The Germans and Austrians took elaborate precautions to conceal the movement of new troops to the front, as recounted by Erwin Rommel, then a 25-year-old lieutenant whose Württemberg Mountain Battalion, an elite assault unit, would play a major role in the victory:

Because of enemy aerial reconnaissance each prescribed march objective had to be reached before daybreak at which time all men and animals had to be concealed in the most uncomfortable and inadequate accommodations imaginable. These night marches made great demands on the poorly fed troops. My detachment consisted of three mountain companies and a machine gun company, and I usually marched on foot with my staff at the head of the long column.

The Central Powers’ attack at Caporetto would enjoy stunning success in large part thanks to storm trooper units like Rommel’s, using new “infiltration” tactics developed by German Army captain Willy Rohr beginning in the spring of 1915, refined at Verdun in 1916, and recently employed by the German Eighth Army under General Oskar von Hutier at Riga in September 1917.

The new combat technique centered on small, highly trained groups of Stosstruppen (stormtroopers) armed with machine guns, rifles, grenades, mortars, and even field guns, who would penetrate deep behind enemy lines following intense but localized heavy artillery bombardments, in order to neutralize enemy machine guns and artillery before the main infantry assault. The stormtroopers typically bypassed enemy strongpoints whenever possible, leaving them to be surrounded and destroyed by a second wave of larger assault squads with heavy weaponry, and enabling the stormtroopers to keep moving to sow chaos in the rear (below, a German assault platoon rests during the battle).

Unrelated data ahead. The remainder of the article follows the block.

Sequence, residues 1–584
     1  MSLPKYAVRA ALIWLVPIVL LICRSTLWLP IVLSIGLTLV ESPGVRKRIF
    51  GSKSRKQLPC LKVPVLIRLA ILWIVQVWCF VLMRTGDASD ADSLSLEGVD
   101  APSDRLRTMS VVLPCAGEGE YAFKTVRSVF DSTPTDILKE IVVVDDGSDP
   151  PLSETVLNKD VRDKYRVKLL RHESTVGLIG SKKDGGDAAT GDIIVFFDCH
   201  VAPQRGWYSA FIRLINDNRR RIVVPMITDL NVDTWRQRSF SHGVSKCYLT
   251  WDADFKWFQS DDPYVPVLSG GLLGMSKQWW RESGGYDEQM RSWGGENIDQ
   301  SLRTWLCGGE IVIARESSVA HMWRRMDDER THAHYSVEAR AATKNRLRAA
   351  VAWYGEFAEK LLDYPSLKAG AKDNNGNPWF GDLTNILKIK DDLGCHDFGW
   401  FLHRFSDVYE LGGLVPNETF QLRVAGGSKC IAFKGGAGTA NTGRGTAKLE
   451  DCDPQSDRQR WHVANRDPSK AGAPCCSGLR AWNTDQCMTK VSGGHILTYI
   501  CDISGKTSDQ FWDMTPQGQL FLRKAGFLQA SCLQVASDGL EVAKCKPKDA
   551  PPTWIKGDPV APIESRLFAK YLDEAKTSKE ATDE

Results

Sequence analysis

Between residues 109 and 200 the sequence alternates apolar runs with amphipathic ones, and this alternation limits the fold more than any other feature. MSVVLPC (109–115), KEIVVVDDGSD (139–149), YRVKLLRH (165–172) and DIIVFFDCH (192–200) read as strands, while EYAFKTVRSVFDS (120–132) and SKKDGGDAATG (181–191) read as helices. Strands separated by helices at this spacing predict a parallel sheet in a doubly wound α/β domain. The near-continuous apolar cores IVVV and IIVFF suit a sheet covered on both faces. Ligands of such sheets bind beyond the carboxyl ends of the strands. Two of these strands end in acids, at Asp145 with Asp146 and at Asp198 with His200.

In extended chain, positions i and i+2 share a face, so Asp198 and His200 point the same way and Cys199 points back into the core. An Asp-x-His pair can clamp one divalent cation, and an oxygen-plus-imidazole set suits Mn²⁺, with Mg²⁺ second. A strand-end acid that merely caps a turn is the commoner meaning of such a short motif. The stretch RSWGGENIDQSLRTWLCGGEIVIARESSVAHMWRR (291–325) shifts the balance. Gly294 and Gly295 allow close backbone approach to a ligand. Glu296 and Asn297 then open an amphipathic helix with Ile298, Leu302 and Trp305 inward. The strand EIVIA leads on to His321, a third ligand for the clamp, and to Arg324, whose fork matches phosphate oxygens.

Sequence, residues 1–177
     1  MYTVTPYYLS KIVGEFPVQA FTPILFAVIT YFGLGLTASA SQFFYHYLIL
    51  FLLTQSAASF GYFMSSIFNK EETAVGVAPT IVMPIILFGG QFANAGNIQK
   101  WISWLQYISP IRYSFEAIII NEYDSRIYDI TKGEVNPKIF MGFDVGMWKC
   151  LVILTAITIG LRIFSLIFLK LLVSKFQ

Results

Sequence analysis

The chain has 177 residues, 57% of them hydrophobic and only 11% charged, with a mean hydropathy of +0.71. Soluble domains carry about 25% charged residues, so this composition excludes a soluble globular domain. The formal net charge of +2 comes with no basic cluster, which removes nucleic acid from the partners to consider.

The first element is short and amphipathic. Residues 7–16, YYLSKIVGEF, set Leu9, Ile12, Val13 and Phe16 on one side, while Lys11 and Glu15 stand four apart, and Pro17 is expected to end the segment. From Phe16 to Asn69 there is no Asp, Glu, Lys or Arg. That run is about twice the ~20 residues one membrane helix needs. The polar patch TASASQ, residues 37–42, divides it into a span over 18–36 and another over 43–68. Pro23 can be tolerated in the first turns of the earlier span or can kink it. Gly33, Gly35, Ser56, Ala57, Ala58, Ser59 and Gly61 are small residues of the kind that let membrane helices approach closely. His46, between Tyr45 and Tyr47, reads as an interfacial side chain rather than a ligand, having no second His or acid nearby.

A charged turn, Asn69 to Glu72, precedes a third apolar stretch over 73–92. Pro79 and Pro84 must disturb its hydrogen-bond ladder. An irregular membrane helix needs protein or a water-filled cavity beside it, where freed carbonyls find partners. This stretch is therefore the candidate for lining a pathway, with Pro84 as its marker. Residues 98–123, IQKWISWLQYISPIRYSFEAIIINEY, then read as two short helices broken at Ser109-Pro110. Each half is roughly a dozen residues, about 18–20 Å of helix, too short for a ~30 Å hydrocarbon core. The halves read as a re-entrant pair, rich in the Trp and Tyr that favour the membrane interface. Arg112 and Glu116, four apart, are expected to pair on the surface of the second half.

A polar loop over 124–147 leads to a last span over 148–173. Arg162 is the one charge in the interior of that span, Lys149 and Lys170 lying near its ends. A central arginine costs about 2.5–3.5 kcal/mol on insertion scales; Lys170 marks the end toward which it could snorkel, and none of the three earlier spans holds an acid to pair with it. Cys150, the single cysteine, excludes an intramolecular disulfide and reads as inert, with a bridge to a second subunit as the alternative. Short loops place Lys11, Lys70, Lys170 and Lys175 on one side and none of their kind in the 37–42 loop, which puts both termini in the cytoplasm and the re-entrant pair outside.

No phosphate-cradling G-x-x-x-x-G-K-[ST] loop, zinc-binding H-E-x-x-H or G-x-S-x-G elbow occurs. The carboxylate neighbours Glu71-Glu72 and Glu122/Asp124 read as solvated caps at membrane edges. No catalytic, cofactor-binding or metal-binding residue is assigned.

Wikimedia Commons // Public Domain

For his part the Italian chief of the general staff, Luigi Cadorna, ignored repeated warnings of an impending enemy attack, noting the arrival of snow in the Julian Alps and ordering Italian troops to stay on the defensive before going on holiday in Venice in mid-October. Cadorna was confident that the Austrian attack would come 50 miles south of the Isonzo, on the Carso Plateau. Away from headquarters and distracted by growing political opposition to his command in Rome, he also failed to discern that one of his army commanders, General Capello, hadn’t move the Second Army to a defensive footing—leaving a large number of his troops forward deployed on the far (eastern) bank of the Isonzo River, where they could be stranded if the bridges fell. In many areas Italian defenses were discontinuous, with hillside trenches broken by outcroppings, gorges, and other rough terrain—making them perfect targets for infiltration techniques.

Amid heavy autumn rains the Austro-German hammer blow fell at 2 a.m. on October 24, 1917, when artillery unleashed a terrifying bombardment that some German soldiers said exceeded Verdun or the Somme. Even Rommel and his colleagues seemed impressed:

It was a dark and rainy night and in no time a thousand gun muzzles were flashing on both sides of Tolmein. In the enemy territory an uninterrupted bursting and banging thundered and reechoed from the mountains as powerfully as the severest thunderstorm. We saw and heard this tremendous activity with amazement. The Italian searchlights tried vainly to pierce the rain, and the expected enemy interdiction fire of the area around Tolmein did not materialize.

That was probably due in part to the deadly combination of phosgene and chlorine gas shells that overwhelmed Italian soldiers, many of whom failed to put on their gasmasks because the yellow gas blended invisibly into the heavy mountain fog. By dawn Rommel and his assault team, whose mission was to protect the flank of the Bavarian Life Guards in a dangerous mountain assault, were moving forward to their jumping-up points:

A few shells struck on both sides of the long column of files without doing any damage. The column halted close to the front line. We were frozen and soaked to the skin and everyone hoped the jump-off would not be delayed. But the minutes passed slowly. In the last quarter hour before the attack the fire increased to terrific violence. A profusion of bursting shells veiled the hostile positions a few hundred yards ahead of us in vapor and a gray pall of smoke.